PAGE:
1,529 total views, 2 views today
Happy New Year to all lovers of Saturday Breakfast.
As promised last week, we will today discuss the famous Anton Piller Order as applied under our common law inheritance and relate it to the attempt to make the order or a semblance of it, part of Nigeria’s statutes. Coincidentally, this writer participated in drafting the provisions of what is today Section 25 of the Nigerian Copyright Act.
Certainly, the provisions of Section 25 of the Copyright Act have their roots in the Anton Pillar order and seek to give statutory backing to the practice as was acknowledged in Rokana Industries Ltd. v. Maun.
Section 25 states that in any action for infringement of any right under the Act, where an ex parte application is made to the court, supported by affidavit, that there is reasonable cause for suspecting that there is in any house or premises any infringing copy or any plate, film or contrivance used or intended to be used for making copies or any other article, book or document by means of or in relation to which any infringement under the Act has been committed, the court may issue an order upon such terms as it deems just, authorizing the applicant to enter the house or premises at any reasonable time by day or night accompanied by a police officer not below the rank of an Assistant Superintendent of Police and seize, detain and preserve any such infringing copy or contrivance; or inspect all or any documents in the custody or under the control of the defendant relating to the action.
Section 25 also provides that any person who knowingly gives false information under the section shall be guilty of an offence and liable on conviction to a fine of =N=1,000.
While the provisions of Section 25 appear to be quite similar to the structure of the classic Anton Piller Order, it can be argued that there are basic differences between the Anton Piller Order as contained in Section 25 and the classic Anton Piller Order.
Under the classic Anton Piller Order, the consent of the defendant is required for the plaintiff to gain entry into the premises of the defendant. Under the provisions of Section 25 however, once the order is granted, the consent of the defendant is not required for the plaintiff to gain entry.
There is also no requirement that a police officer be involved in executing the traditional Anton Piller Order. Under the provisions of Section 25 however, anyone executing the order must be accompanied by a police officer not below the rank of an Assistant Superintendent of Police (ASP).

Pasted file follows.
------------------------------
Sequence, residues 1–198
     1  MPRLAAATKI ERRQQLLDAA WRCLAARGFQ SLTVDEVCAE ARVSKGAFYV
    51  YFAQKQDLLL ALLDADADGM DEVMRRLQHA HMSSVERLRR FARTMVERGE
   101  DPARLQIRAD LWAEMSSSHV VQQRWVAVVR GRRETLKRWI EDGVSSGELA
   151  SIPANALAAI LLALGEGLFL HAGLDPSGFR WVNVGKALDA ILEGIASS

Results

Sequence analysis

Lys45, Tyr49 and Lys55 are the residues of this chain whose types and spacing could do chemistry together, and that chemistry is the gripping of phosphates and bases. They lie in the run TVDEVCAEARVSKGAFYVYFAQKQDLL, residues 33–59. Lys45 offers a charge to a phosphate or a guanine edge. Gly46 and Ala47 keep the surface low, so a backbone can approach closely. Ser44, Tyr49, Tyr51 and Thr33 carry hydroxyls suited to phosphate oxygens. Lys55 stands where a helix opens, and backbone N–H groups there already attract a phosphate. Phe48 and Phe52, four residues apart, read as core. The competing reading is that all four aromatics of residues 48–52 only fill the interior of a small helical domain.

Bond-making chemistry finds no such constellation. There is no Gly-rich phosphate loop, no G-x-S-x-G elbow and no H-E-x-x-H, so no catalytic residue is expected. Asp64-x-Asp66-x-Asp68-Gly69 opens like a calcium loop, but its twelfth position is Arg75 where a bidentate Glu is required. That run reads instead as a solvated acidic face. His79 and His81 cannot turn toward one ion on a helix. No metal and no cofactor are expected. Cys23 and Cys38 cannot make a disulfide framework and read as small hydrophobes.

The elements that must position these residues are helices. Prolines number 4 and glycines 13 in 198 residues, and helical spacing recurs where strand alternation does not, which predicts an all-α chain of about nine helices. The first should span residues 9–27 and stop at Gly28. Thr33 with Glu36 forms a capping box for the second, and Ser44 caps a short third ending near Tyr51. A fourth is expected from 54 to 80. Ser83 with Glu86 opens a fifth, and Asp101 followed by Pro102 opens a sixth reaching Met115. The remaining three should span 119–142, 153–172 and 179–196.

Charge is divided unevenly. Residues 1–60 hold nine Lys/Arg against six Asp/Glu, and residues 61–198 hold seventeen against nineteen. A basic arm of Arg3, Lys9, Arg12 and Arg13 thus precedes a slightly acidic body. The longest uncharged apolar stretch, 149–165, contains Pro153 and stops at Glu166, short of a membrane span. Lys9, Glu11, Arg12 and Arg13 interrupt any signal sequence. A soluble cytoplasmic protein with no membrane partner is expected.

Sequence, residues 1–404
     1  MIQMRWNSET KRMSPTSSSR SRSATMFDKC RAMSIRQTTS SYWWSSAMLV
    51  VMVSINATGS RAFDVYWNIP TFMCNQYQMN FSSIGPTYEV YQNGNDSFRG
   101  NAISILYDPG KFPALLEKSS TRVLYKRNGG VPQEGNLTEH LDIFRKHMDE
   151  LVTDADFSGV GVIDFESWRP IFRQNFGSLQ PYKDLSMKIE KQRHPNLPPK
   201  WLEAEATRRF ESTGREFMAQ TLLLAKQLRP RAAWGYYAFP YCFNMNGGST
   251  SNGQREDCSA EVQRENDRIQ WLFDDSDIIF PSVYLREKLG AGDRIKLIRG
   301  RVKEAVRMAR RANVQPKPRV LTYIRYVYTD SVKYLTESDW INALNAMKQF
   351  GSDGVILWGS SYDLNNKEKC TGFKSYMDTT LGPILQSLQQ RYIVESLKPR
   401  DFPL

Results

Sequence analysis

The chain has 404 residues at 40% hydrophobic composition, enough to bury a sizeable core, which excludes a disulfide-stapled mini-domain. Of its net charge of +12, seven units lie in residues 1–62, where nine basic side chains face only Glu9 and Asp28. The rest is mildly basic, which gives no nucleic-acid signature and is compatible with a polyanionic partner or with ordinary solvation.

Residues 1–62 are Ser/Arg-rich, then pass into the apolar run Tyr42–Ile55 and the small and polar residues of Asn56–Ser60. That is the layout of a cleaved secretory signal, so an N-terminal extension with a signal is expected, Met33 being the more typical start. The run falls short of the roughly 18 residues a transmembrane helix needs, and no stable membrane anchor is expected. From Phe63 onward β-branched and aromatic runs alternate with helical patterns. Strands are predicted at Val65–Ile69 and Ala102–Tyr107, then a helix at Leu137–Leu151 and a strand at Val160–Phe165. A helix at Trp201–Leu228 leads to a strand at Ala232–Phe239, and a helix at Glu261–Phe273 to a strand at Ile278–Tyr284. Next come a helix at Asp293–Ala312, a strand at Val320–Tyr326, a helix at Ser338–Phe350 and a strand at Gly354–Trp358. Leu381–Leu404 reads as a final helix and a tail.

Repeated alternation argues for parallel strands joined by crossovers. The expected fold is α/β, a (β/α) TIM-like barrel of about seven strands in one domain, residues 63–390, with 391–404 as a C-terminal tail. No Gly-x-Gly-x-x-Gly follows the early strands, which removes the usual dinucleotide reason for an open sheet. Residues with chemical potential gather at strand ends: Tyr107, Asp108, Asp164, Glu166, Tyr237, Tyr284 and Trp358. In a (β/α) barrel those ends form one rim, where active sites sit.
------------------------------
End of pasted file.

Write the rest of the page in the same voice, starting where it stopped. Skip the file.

This writer can identify two major reasons why a senior police officer must be present while a section 25 order is being executed. One is to ensure that the order is not abused. The other is to avoid a breakdown of law and order. Because of the intrusive nature of the Anton Piller order, those at whom the orders are targeted have the tendency to aggressively resist their execution and chaos can easily ensue.
One of the most celebrated Anton Piller orders granted in the war against copyright infringement in Nigeria is the one obtained by my friend, the maverick musician, Charly Boy Oputa and his New Wave Production against the cable T.V. provider, Multichoice Nigeria Ltd. Multichoice had got permission from the Nigerian Television Authority (NTA) to include the Charly Boy Show, produced by Charles Oputa’s New Wave Production in its programming. It so happened that while the Charly Boy Show was shown regularly on NTA, NTA did not own the copyright. The copyright belonged to New Wave Production. On behalf of New Wave Production, famed IP lawyer, Bankole Sodipo went to court and obtained an order under Section 25 against Multichoice Nig. Ltd.
It seems that while the order was being obtained, Multichoice Nig. Ltd. got wind of the development thereby defeating the surprise element. Despite all attempts by Charly Boy, his lawyers, Sodipo and Femi Fajolu, a horde of motor cyclists popularly known as ‘okada men’ and a large team of policemen, it was impossible to gain entry into the heavily guarded premises of Multichoice, to execute the order.
The subsequent intrigues created a spectacle around the Victoria Island Lagos office of Multichoice where business was shut down for a number of days. A lot of colorfully dressed musicians showed up in solidarity with Charly Boy. They sang and chanted all day long even in the rain! Happily, the matter was eventually resolved out of court.
Notwithstanding, one lesson to be learnt in the Multichoice case is that an innocent infringer can still go through a lot of trauma in spite of the fact that he acted innocently. There was no doubt that Multichoice never set out to infringe the copyright of Charly Boy. The well-known cable TV provider in fact got the authorization of NTA in the mistaken belief that NTA owned the copyright in the Charly Boy Show.
As we continue our tutorials on the famous Anton Piller Order, we will next time examine the conditions under which a court may grant the order. May the new year start in a beautiful way for you.
See you next week.